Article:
From DEVOlution to technology revolution
As a young child in the 1950s, Mark Mothersbaugh could scarcely imagine the mystery and magic that inhabited a recording studio, the domain of deities like The Beatles and The Rolling Stones. Recording an album seemed like an impossible dream. But as Mothersbaugh co-founded provocative rock band Devo, he became part of the first generation to experience the power of personal synths by Moog and ARP—and the subsequent innovations that enabled musicians to start creating and recording on their own. Today, Mothersbaugh has 13 Devo albums under his belt, as well as hundreds of music video, television and film projects such as The Royal Tenenbaums, Rushmore and Nick and Norah’s Infinite Playlist. Inspired by the decline of the traditional record industry, Mothersbaugh is now working on a new Devo album with the help of the next-generation creative tools including Way Out Ware’s TimewARP 2600 and KikAxxe virtual synths.
Describe your creative process when you compose for a film or TV show.
I’ve collaborated with all kinds of different people, and they all have different needs. I’ve done all the original music for the first four of Wes Anderson’s movies. He always came into the studio early in the process, but sometimes I get hired and have two weeks to score a film. In general, I tend to overwrite. I write for a scene and then think of another way to do it. I came upon a copy of a Jimi Hendrix 16-track recorded in LA, and I heard how he played “Crosstown Traffic” and “Foxy Lady” with the band, then went back and performed totally different guitar and vocal parts using different cadence and melodies. For every Wes Anderson movie, there’s actually twice as much music as you see on screen, that’s my personal style.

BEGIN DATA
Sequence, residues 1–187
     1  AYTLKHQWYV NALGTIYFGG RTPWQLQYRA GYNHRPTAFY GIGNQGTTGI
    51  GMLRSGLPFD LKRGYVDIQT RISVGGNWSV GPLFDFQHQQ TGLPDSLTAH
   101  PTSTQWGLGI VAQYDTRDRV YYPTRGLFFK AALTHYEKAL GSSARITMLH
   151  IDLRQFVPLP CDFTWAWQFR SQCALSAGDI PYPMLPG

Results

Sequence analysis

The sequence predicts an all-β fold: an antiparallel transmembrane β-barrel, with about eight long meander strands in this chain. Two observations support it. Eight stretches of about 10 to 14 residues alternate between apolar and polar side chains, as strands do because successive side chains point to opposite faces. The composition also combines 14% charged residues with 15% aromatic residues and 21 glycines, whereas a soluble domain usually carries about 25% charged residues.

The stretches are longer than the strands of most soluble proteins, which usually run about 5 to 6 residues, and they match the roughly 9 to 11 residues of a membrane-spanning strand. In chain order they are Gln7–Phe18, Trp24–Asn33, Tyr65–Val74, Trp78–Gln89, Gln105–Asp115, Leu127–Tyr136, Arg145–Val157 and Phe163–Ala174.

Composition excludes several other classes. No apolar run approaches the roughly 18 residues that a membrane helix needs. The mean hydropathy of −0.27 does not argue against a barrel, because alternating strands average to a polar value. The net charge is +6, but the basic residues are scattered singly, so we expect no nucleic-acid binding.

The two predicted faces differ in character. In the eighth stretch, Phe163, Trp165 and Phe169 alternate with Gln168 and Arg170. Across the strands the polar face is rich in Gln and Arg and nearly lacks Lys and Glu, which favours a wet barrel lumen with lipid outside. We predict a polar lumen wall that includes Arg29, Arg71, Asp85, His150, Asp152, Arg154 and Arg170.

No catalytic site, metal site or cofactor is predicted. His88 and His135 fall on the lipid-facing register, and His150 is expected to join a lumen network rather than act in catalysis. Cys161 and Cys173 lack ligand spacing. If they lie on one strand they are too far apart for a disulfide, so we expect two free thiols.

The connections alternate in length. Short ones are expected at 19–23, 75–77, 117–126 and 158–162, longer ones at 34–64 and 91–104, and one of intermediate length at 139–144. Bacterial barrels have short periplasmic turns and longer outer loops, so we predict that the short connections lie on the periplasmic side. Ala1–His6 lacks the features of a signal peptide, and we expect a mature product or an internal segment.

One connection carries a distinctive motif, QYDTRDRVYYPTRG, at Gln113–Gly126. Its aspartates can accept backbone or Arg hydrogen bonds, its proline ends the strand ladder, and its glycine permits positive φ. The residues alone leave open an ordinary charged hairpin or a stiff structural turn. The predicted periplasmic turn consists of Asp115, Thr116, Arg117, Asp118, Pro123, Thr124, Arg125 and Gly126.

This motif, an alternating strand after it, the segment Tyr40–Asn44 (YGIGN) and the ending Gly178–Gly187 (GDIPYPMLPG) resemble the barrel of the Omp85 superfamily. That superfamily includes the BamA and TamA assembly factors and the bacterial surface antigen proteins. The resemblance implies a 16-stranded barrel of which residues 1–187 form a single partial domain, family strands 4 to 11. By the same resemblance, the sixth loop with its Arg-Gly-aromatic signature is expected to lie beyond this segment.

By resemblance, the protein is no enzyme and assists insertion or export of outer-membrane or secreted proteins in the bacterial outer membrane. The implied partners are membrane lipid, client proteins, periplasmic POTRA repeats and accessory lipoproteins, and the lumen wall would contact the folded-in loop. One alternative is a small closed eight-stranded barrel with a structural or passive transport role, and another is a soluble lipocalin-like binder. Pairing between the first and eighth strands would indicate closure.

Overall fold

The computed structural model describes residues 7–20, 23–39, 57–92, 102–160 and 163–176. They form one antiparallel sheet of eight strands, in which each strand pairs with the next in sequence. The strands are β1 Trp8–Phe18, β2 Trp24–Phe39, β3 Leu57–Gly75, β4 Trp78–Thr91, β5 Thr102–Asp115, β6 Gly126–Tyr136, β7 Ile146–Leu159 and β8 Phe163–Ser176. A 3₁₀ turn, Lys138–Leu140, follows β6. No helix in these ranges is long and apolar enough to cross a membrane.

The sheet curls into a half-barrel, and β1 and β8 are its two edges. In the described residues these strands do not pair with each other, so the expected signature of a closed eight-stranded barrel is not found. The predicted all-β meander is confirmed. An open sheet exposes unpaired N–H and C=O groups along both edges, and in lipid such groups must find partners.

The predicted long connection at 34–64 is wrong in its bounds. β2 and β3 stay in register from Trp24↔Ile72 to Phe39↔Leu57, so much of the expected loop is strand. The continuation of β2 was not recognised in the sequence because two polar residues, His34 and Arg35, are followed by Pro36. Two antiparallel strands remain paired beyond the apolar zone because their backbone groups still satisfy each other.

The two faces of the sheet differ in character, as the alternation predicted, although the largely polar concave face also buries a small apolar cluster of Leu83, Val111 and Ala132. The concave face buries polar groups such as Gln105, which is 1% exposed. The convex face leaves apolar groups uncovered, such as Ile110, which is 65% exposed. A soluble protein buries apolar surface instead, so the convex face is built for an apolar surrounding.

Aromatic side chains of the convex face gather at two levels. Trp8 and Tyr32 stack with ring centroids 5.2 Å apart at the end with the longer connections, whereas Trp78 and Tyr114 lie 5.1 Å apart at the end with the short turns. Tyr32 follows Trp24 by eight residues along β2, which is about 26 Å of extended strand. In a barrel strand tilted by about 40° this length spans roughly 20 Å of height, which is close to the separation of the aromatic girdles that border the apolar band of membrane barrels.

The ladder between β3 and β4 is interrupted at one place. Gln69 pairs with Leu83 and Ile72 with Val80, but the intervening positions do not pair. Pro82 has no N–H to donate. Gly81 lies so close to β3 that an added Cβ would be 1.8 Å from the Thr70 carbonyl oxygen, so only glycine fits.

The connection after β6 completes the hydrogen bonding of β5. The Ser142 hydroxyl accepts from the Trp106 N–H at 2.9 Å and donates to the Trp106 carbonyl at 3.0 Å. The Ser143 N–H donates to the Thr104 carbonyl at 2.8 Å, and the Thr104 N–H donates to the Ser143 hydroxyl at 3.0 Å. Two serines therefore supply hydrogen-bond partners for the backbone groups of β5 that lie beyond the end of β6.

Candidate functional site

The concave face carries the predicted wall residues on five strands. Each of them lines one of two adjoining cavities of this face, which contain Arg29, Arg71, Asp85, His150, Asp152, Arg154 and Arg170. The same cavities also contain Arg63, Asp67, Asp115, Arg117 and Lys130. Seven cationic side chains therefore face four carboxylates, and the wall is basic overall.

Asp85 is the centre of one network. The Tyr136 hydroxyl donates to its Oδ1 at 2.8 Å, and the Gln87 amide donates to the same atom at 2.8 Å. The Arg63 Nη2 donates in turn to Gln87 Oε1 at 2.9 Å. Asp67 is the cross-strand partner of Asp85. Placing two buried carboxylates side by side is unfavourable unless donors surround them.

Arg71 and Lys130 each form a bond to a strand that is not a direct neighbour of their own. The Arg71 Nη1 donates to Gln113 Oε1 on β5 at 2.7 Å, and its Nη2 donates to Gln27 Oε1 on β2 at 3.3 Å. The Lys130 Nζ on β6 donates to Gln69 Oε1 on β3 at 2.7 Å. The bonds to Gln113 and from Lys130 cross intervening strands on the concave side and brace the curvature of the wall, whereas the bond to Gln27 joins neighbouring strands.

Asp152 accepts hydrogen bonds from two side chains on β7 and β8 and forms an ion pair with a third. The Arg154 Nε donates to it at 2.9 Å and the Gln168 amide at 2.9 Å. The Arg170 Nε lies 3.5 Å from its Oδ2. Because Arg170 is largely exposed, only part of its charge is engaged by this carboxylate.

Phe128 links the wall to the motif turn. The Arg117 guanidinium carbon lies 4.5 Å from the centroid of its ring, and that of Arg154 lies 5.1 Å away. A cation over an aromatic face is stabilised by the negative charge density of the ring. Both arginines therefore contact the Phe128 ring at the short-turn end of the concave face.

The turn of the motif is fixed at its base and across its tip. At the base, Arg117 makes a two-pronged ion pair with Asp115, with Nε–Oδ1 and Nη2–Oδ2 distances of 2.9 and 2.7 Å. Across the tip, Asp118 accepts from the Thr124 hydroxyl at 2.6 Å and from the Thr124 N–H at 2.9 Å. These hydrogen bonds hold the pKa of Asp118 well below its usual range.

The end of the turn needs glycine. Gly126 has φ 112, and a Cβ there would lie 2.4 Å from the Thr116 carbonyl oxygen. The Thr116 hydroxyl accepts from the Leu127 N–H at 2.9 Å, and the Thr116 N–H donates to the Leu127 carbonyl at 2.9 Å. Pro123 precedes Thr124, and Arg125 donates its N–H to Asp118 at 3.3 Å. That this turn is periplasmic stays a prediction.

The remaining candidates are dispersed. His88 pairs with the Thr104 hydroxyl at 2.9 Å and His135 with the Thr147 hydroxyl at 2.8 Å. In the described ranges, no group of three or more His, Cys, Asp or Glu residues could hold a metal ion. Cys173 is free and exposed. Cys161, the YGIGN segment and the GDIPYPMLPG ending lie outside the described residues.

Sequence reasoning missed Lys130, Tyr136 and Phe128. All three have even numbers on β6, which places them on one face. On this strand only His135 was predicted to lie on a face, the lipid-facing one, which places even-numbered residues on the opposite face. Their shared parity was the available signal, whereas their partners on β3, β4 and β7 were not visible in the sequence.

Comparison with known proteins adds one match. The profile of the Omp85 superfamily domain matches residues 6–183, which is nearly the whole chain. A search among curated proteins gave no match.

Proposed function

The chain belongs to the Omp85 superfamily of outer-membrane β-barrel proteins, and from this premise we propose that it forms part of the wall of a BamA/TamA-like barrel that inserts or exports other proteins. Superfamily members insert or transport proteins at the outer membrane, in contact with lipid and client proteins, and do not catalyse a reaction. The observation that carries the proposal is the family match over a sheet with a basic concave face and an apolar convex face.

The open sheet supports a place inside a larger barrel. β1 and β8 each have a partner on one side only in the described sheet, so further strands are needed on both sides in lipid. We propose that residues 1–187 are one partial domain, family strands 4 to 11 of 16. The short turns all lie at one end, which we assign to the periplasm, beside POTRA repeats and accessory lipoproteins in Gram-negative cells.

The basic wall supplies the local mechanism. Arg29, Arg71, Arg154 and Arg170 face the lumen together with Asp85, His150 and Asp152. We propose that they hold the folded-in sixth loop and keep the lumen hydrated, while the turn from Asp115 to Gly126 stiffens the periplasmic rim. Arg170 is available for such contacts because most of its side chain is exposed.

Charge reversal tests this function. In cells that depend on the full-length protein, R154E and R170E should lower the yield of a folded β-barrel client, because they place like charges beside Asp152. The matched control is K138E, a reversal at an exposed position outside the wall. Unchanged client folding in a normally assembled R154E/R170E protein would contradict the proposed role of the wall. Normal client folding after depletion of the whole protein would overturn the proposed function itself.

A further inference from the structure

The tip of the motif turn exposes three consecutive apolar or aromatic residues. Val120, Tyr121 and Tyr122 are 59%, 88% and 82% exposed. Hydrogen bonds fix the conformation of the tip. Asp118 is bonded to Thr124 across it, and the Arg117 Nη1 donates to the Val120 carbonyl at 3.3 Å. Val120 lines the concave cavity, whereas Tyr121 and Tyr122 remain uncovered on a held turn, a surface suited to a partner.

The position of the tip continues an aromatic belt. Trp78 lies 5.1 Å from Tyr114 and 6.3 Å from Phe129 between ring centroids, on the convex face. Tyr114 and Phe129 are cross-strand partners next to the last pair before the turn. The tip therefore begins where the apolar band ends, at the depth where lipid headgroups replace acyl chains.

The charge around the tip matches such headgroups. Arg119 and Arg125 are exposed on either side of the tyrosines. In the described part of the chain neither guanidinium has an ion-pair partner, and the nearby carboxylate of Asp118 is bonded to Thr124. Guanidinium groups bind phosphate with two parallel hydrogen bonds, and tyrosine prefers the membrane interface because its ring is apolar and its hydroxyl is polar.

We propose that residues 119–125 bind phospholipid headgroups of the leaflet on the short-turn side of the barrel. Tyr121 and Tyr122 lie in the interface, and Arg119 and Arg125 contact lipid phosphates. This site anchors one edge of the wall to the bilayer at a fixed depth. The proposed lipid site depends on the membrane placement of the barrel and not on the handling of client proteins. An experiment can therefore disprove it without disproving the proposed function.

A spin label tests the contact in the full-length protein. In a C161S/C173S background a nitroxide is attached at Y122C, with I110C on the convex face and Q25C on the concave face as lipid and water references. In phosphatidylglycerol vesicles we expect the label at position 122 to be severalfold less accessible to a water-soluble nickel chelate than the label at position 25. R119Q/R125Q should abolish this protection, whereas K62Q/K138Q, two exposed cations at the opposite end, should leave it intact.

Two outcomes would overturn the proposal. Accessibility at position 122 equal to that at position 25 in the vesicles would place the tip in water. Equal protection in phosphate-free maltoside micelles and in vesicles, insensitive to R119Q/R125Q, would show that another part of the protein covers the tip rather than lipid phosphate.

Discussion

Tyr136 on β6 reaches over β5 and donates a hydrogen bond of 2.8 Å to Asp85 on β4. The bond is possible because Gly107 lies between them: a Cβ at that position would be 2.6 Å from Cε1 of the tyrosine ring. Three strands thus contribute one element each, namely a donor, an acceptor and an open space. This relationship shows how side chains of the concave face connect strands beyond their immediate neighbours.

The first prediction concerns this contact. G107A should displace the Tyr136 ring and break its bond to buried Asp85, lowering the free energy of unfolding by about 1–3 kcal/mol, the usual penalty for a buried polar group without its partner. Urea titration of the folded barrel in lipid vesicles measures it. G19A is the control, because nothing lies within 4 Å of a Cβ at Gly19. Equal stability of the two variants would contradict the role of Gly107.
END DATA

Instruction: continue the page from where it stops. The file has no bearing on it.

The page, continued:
As one of the first American acts to fully embrace and perform live with a synth-based setup, what are your impressions of today’s virtual synth emulations?
I’ve worked with a lot of synths, Devo has owned just about everything. I have a combo of fond memories and thoughts of “my God, wasn’t it difficult, think of all the compromises we made back then.” All the tools available for artists now are incredible. It’s great, it really inspires me to make music.
How would you compare products like TimewARP 2600 and KikAxxe to their hardware counterparts?
I play KikAxxe and it goes so far beyond its inspirational model—it’s so much more powerful and also so much more affordable. It not only replicates what the original did, it goes around to different companies from that time and pulls the best qualities from all of them. It skips through time zones to bring you a ton of amazing features. It works in many situations, and it’s a very critical sound in the new Devo record. It’s an essential piece of gear.
I like also really like the TimewARP 2600. I had an original 2600, and you were always doing a lot of patching, it was a difficult beast to get a great sound out of. The TimewARP 2600 sounds identical to the original 2600, but Way Out Ware added so many other powers. I used both TimewARP 2600 and KikAxxe in the score for Nick and Norah’s Infinite Playlist and many other TV shows.
What do you find most exciting about the decline of the traditional distribution model and the next phase of the music industry?
We were tired and uninspired by the old business formula, and disgusted by it—we’d had enough. But now, the idea that we can get music out in creative, different ways intrigues us enough to go another round with Devo. Now there are more choices. There are some stumbling blocks—the Internet makes most music free, whether you want it to be that way or not. But in some ways it’s better, because it eliminates people who aren’t in it for love of music. People should be in the business who care enough and are dedicated enough to write something great.
Look for Mothersbaugh’s work on Cloudy with a Chance of Meatballs (in theaters fall of 2009) and other projects at mutato.com.